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To Fulfill its Mission, ADB Must Prioritize Sustainability

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Asia is rapidly evolving as are its development needs. To keep pace with these changing needs and to ensure that solutions multilateral development banks like the Asian Development Bank (ADB) bring are effective, thorough assessment of their operations is crucial. In its 2018 Annual Evaluation Review (AER), Independent Evaluation at ADB draws out an overall picture of ADB’s performance.

“Delivering results is critical to ADB’s existence. Evaluation is a central piece for ensuring that the solutions ADB brings to development problems are fit for purpose, and as effective as possible,” said Director General of Independent Evaluation at ADB Mr. Marvin Taylor-Dormond.

The AER identifies areas in which ADB has been successful, where it hasn’t, and what were the reasons behind this. A review of its overall performance reveals that over the past 3 years, there has been a marginal decline in the success rate of public sector projects. In 2015 to 2017, 74% of public sector projects were successful, down from 76% in 2014 to 2016. A sector-wise look shows that four sectors—education, health, public sector management, and transport—dropped in performance. These four sectors account for 58% of the portfolio that was evaluated.

If one looks at private sector-supported ADB projects, the decline is more apparent. About 58% of projects were categorized successful in 2015 to 2017, compared to 67% in 2014 to 2016. This fall can be attributed to the disappointing performance in financial intermediary and private equity funds, which account for half of the projects evaluated.

Performance at the country-level was steady at 75%, although it was still below ADB’s 80% target. AER notes that ADB achieved good results in its operations with middle-income countries. Also, when it came to promoting inclusive growth, middle-income countries were highly appreciative of ADB’s work. Other areas where ADB is doing well include environmentally sustainable growth, regional cooperation, and gender mainstreaming.

However, there are some areas where results can be improved. The Independent Evaluation Department (IED) assesses the relevance, effectiveness, efficiency, and sustainability of ADB projects and programs. One third of completed projects and programs were evaluated as less likely to be sustainable, well below the desired rate of four out of five.

“The sustainability problem is well illustrated by the inadequate financing for operations and maintenance of ADB-supported transport projects,” said IED Thematic and Country Division Director Mr. Walter Kolkma. “Other factors affecting the sustainability of ADB operations are often limited capacity of government agencies to run these projects and governance issues.”

For private sector operations, the AER recommends that to achieve better outcomes, ADB expand operations beyond infrastructure and help middle-income countries better adapt to new challenges. With specific reference to the use and leverage of guarantees, loans, and other credit enhancement tools, the AER calls for the mobilization of much-needed private sector finance for development, particularly to help close Asia’s huge infrastructure gap, estimated at $1.7 trillion a year.

“Impartial evaluation is crucial for accountability and learning. ADB must capitalize its learning and use these lessons to design better, smarter, and stronger future projects to stay relevant because in today’s world, developing member countries are not short of options of development financing,” noted Mr. Taylor-Dormond.

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China to Improve Inland Waterway Transport with World Bank Support

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The World Bank’s Board of Executive Directors approved a US$150 million loan today to improve the capacity and reliability of inland waterway transport along the Han River in China’s Hubei Province. The project will increase connectivity between the less developed central and western regions and the more prosperous eastern provinces, and yield local and global environmental benefits by promoting a green mode of transport and producing renewable energy.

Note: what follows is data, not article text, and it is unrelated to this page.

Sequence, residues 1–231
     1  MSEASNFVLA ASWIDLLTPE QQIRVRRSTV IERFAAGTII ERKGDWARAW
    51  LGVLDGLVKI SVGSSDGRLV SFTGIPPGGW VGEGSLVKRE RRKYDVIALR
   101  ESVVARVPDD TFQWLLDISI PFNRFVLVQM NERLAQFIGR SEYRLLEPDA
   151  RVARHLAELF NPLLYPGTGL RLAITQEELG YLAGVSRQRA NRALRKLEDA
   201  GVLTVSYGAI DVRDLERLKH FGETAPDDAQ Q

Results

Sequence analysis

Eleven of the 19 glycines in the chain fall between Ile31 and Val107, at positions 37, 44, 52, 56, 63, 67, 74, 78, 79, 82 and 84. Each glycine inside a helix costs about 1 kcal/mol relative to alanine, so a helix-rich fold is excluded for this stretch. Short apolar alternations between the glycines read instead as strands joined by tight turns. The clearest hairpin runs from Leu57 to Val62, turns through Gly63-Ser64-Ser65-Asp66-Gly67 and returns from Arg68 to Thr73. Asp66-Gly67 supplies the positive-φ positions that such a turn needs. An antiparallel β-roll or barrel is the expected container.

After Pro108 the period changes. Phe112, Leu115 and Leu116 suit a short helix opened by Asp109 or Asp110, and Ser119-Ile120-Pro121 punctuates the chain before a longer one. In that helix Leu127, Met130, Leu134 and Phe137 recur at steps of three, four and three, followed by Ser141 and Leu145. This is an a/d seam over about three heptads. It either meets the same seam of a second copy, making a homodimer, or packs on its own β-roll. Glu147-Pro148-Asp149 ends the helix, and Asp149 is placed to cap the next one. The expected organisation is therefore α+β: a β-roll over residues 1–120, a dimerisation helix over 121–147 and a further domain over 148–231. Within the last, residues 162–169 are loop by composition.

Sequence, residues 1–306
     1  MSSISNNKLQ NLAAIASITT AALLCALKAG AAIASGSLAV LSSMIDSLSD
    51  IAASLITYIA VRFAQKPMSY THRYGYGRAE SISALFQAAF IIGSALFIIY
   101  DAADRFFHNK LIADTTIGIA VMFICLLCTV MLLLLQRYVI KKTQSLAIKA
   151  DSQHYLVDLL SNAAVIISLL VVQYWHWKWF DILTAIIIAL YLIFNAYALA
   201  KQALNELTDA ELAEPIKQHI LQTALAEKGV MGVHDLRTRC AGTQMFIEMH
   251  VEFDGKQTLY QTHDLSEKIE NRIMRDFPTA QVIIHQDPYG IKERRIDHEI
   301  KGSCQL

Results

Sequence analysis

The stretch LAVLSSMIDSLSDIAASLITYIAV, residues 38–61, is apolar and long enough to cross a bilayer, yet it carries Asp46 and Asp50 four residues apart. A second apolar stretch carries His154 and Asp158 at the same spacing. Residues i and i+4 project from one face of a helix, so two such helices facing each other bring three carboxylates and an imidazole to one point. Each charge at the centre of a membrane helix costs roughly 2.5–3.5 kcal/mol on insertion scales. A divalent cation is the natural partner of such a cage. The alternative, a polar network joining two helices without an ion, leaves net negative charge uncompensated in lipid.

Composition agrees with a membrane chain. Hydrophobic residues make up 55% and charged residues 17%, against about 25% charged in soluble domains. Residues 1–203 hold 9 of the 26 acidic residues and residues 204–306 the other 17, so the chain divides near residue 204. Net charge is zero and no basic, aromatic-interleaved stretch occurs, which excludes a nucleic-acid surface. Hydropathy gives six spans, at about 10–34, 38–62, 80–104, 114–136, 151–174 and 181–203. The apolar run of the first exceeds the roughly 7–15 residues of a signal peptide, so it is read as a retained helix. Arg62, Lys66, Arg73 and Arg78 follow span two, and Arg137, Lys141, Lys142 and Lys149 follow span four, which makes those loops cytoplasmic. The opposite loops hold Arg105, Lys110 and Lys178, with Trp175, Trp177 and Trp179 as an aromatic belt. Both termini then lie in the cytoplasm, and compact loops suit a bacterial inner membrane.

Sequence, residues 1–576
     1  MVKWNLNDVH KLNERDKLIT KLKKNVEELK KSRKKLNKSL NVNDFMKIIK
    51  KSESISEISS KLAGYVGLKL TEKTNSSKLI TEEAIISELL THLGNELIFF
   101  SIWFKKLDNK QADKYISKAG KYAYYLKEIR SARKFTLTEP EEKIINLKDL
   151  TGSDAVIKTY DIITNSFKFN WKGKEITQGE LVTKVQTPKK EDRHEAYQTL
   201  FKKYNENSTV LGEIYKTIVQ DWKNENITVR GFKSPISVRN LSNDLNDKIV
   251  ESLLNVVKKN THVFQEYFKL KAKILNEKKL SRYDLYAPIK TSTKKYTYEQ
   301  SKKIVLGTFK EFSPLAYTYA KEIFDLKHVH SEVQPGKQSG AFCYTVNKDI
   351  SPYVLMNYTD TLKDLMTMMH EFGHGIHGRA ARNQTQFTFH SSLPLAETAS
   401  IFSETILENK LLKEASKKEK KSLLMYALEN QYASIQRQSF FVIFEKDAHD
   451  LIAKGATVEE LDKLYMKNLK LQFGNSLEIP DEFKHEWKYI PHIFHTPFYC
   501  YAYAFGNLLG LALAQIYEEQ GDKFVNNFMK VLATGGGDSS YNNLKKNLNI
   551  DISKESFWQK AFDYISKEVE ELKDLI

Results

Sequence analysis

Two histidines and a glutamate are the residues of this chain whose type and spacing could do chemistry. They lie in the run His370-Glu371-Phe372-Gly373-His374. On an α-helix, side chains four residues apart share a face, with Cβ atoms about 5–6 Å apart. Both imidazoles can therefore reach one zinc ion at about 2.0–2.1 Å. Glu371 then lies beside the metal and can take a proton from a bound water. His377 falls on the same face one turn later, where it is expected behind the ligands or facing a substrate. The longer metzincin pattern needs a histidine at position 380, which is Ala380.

As part of the Yangtze River Economic Belt, China is relocating industries in the less developed inland regions of the middle and upper reaches of the Yangtze River. This requires an efficient multimodal transport that can move freight over long distances in a sustainable manner.

“Inland waterway transport is a cost effective and environmentally friendly mode of transport that is underexploited in China. The new project will increase inland waterway transport along the Han River and promote a shift from roads to waterways, which reduces carbon emissions from transport,” said Zhai Xiaoke, World Bank’s Senior Transport Specialist and leader of the project.

The Hubei Inland Waterway Improvement Project will construct the Yakou Navigation-Hydropower Complex in the middle reaches of the Han River. It will upgrade about 53 kilometers of waterway between the Yakou and the Cuijiaying Complex to Class III navigation standards and help enable the completed investments at other cascades to realize their full navigation capacity and economic benefits. The hydropower station will supply renewable energy to Yicheng City, which is located 16 kilometers from Yakou.

The project will also provide gravity flow irrigation to over 5,300 hectares of existing farmland. Other anticipated benefits of the project include the significant reduction of lifting costs, the improvement of flood resilience, and the creation of a better landscape for recreational tourism.

The total investment of the project is US$515.13 million; the IBRD loan will finance US$150 million and the Hubei Provincial Government will invest US$365.13 million. About 5.61 million residents along the Han River are expected to benefit from the economic development and ecological improvement brought about by the greener transport mode.

Starting with the First Inland Waterways Project in 1995, the World Bank has supported seven inland waterway projects in China, with each successive phase introducing important additionality, ranging from technical innovation to integrated development and management of multi-purpose inland waterway transport, as well as improved institutional capacity and environmental aspects.